D2L Fusion 2014 conference recap

The University of Calgary was able to send a strong contingent to the annual Desire2Learn Fusion 2014 conference in Nashville. It is the best venue for the D2L user community to come together to learn bout how the tools can best be used to support diverse needs at institutions of all sizes, with representatives from around the world.

(many of) the UCalgary D2L team

D2L made some announcements about the product1 – the biggest ones being that the software itself is being rebranded as “Brightspace by D2L”, (although this won’t change anything in our D2L environment for some time) and that updates will be provided on a continuous cycle (so we won’t see jumps from version 10.4 to 10.5, because we’ll be updated on the fly as updates are made available). The “self directed training” course materials are also now being included in the core product, with updates provided by D2L (this was previously a rather expensive additional licensing cost, but having this level of training materials built into the product will benefit everyone, and save us some money, too).

We will be experimenting with Wiigio, which is a student-centric group collaboration tool that D2L purchased last year. It has been deployed on one of our test D2L servers, and we’ll be checking it out to see how it can help students to work together on projects. It looks like Wiigio could provide some really great tools for students:

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One thing the team learned as we attended all presentation tracks was that we have developed a truly world-class D2L implementation team here on campus. The change management, support, training, and technical integration has been equal to what has been done any institution. Our Peoplesoft integration is now better than what we had previously with Blackboard 8, and we’ve developed a data workflow that means we are able to repurpose the course and enrolment data in ways that would not have been possible prior to the switch to D2L.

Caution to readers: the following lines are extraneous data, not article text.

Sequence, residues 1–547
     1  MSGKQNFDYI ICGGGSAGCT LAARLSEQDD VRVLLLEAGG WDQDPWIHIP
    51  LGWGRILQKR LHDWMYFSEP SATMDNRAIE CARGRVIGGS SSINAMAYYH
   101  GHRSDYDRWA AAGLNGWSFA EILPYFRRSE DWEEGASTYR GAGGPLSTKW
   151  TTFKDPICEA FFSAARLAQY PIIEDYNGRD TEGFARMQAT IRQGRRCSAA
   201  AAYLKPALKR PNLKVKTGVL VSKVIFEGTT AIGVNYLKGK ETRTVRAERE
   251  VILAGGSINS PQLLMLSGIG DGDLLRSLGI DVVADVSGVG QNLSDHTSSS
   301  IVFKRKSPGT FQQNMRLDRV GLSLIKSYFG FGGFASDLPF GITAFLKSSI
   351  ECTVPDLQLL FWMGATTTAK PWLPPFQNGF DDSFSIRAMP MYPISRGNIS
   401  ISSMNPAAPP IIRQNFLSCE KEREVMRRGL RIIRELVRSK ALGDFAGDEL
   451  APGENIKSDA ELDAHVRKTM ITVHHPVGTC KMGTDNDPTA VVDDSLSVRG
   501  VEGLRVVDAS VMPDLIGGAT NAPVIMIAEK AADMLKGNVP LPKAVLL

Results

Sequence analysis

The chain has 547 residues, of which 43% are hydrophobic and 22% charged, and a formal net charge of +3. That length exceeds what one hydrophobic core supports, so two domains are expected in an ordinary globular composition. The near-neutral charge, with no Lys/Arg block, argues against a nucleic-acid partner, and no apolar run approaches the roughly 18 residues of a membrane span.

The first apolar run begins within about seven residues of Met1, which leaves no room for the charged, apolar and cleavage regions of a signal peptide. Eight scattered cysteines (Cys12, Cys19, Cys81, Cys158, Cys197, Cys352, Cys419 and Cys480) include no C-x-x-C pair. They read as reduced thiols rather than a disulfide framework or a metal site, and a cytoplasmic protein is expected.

We, as a team, had been so close to the moving parts that we hadn’t seen that, until we were able to collectively take a step back and compare to what has been done elsewhere. We’re extremely fortunate to have had the team, and the resources provided by the university, as we implemented this transition.

Now that we’ve had some time to digest what we learned at the conference, we’ve had a chance to discuss next steps. Perhaps the most important long term steps will involve fostering a community of D2L developers and innovators on campus. We need to connect the different groups that are building tools to integrate into D2L, as well as those who are discovering innovative uses for the tools that are built into the platform.

We are also in the early stages of setting up a Learning Technologies Advisory Group, which will be tasked with making key decisions around the adoption and configuration of tools such as D2L. This new ability to make informed decisions as a group will provide a sustainable level of governance to our implementation, which will serve us well in the long term. That group will be able to help figure out which of the new D2L features will be rolled out, to whom, and how they will be configured.

  1. I’ve posted my thoughts on some of them on my other blog, posted my notes from the conference, and Jon Kruithof at McMaster University has written up some great summaries from the conference []

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